Tiambrya Jenkins, a 16-year-old Black high school student in Rome, Ga., was a straight-A student in ninth grade, with a dream of becoming a nurse. However, when she got into a fight after school with a white female classmate, Jenkins received a harsher punishment.
Both girls were transferred to an alternative school as punishment. The white classmate returned to regular school after 90 days, but Jenkins was held at the alternative school for the entire school year. Now Jenkins is in danger of not attaining her dream.
“It was like being in prison,” said Jenkins. “The classrooms had no windows. There was an adult in the room, but there was almost no teaching. We’d just sit around and talk until the bell rang. A year later, I was finally sent back to my regular school. But, by then, my classmates were way ahead of me. Now, I’m flunking math, my favorite class. I’m slipping further behind day by day and doubt I’ll ever catch up.”
Jenkins’ story is just one of many that are the focus a recent report released by the National Women’s Law Center and the NAACP Legal Defense and Educational Fund, revealing that African-American girls are faring worse than the national average for girls in general in academic achievement.
The report, “Unlocking Opportunity for African American Girls: A Call to Action for Educational Equity,” outlines what are sometimes insurmountable barriers to staying in school and how poor educational outcomes result in limited job opportunities, lower lifetime earnings and increased risk of economic insecurity for African-American women.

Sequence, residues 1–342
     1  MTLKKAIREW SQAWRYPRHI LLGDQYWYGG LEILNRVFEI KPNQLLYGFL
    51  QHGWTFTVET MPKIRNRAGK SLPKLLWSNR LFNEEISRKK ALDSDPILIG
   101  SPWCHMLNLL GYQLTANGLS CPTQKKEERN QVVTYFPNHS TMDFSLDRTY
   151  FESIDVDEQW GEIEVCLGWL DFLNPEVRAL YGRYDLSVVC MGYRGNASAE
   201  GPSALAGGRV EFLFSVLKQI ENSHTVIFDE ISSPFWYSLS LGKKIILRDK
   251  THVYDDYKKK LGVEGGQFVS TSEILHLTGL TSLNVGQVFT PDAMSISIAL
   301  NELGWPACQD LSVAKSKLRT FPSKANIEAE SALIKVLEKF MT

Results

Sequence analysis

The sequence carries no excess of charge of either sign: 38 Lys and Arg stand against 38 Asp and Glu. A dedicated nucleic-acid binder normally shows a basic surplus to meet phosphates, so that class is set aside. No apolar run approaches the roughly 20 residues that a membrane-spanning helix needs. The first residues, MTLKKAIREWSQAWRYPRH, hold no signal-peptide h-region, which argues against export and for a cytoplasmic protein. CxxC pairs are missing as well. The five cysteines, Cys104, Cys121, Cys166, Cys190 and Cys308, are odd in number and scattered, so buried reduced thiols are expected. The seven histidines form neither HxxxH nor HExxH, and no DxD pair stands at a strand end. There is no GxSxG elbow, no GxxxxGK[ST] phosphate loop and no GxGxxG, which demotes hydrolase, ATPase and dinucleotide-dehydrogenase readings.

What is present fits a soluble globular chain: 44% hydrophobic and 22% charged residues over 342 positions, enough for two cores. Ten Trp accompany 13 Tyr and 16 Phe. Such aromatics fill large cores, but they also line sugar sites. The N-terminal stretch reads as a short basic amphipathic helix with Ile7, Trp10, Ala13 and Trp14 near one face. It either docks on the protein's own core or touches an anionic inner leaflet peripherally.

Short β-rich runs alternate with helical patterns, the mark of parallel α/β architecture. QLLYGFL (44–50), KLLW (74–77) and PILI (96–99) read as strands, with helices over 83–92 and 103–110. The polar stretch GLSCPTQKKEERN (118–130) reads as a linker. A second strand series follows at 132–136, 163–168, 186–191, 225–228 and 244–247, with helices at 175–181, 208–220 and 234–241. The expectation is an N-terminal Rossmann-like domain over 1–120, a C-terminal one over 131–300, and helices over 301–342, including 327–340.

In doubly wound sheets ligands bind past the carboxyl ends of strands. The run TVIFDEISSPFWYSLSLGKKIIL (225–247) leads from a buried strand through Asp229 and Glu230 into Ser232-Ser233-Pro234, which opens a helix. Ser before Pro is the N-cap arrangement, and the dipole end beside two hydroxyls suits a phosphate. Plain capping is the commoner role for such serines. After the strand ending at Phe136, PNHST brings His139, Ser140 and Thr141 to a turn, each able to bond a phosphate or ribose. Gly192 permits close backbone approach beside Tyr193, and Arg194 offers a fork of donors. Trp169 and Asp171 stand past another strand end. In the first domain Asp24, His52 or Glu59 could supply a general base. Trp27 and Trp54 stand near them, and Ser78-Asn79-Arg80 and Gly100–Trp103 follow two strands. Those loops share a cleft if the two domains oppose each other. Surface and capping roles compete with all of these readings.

In 2013, 43 percent of African-American women without a high school diploma were living in poverty, compared with 9 percent of African-American women with at least a bachelor’s degree.
“Our educational policies and practices must open the doors of opportunity for all, regardless of race or gender,” said Sherrilyn A. Ifill, president and director-counsel of the NAACP Legal Defense Fund. “Only then will we fulfill the promise of Brown v. Board of Education, the landmark ruling that invalidated legal segregation in America 60 years ago.”
Barriers, according to the report, include lack of access to college- and career-preparatory curricula in schools, limited access to athletics and limited access to other extracurricular activities.
The report also highlights disproportionate and overly punitive disciplinary practices that exclude African-American girls from school for minor and subjective infractions, such as dress code violations and wearing natural hairstyles, and discrimination against pregnant and parenting students and pervasive sexual harassment and violence.
“The report’s findings complement the important, ongoing work to improve educational outcomes for boys and men of color and provide additional information about the challenges facing African- American children in education,” Ifill said.